8 Workplace Violence Prevention Strategies for Nurses

The National Institute for Occupational Safety and Health (NIOSH) recommends healthcare professionals following these eight practices to protect themselves.

8 Workplace Violence Prevention Strategies for Nurses

In many healthcare facilities, nurses are the employees with the most direct contact with patients. They are the ones holding a woman’s hand and providing emotional support during labor. They are the ones changing dressings and swapping out bedpans. They are the ones comforting family members during a loved one’s health battles. This also means they are often the target of patient violence.

Healthcare employees, particularly nurses, are at an increased risk for workplace violence. Earlier this month, we covered some of the statistics on workplace violence in healthcare, including the fact that from 2002 to 2013, incidents of serious workplace violence (those requiring days off for the injured) were four times more common in healthcare than in the overall private industry.

Since this issue isn’t going away, nurses must prepare themselves for the possibility of workplace violence through education and training.

Here are 8 workplace violence prevention strategies for healthcare professionals

The Center for Disease Control and Prevention’s National Institute for Occupational Safety and Health (NIOSH), the federal agency responsible for conducting research to find effective ways to reduce workplace injuries and illnesses through training, has many prevention resources for all sorts of employees, including those in retail, construction and healthcare.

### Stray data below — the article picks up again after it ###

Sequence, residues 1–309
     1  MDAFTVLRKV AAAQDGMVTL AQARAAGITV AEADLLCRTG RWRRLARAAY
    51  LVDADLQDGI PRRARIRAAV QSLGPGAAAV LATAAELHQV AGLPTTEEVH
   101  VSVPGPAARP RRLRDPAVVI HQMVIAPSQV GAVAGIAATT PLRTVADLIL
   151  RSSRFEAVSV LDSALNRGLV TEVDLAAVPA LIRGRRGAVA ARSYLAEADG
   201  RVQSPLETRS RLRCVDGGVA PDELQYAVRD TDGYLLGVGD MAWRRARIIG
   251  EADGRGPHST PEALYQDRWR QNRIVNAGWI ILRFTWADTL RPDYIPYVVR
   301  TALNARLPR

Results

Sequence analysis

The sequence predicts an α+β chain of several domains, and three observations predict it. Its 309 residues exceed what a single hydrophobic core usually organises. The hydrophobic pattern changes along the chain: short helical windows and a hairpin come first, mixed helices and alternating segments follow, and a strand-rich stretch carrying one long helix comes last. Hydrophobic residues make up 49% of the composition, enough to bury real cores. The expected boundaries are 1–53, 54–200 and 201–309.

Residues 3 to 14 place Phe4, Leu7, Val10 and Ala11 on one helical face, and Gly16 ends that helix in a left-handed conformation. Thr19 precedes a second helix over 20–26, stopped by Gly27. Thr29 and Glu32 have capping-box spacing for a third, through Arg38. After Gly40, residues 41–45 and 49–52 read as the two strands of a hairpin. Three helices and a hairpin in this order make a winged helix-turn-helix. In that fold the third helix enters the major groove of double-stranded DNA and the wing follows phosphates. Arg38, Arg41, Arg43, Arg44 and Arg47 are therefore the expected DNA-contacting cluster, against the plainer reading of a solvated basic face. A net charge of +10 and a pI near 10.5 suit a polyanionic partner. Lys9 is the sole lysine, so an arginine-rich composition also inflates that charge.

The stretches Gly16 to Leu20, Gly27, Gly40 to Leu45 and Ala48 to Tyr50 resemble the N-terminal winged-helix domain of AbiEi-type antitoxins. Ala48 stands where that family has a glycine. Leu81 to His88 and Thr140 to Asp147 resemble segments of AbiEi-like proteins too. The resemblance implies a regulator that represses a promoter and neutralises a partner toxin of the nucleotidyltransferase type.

One very helpful resource is this completely free violence prevention course to help healthcare workers better understand the scope and nature of violence in the workplace. It includes definitions, statistics, risk factors, prevention strategies for organizations and prevention strategies for nurses.

Perhaps most helpful within the course are scenario-based training exercises that include people acting out a hospital security incident. In one scenario, a patient makes a sexual advance at a nurse. In another, a home health nurse is threatened by a patient. In a third, a post-partum nurse is assaulted by a patient’s family member. You can check out all of the case studies here.

Each example includes incident details, visuals, a video clip, appropriate responses and a quick quiz on your learnings.

While the prevention strategies provided by NIOSH are directed towards nurses, all healthcare employees can benefit from them. View this article’s slideshow to see how you can protect yourself.

About the Author

Contact:

Amy is Campus Safety’s Senior Editor. Prior to joining the editorial team in 2017, she worked in both events and digital marketing.

Amy’s mother, brother, sister-in-law and a handful of cousins are teachers, motivating her to learn and share as much as she can about campus security. She has a minor in education and has worked with children in several capacities, further deepening her passion for keeping students safe.

In her free time, Amy enjoys exploring the outdoors with her husband, her son and her dog.

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Campus Safety magazine is another great resource for public safety, security and emergency management professionals. It covers all aspects of campus safety, including access control, video surveillance, mass notification and security staff practices. Whether you work in K-12, higher ed, a hospital or corporation, Campus Safety magazine is here to help you do your job better!

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One response to “8 Workplace Violence Prevention Strategies for Nurses”

  1. V.Mysore says:

    What is the subscription per month or year

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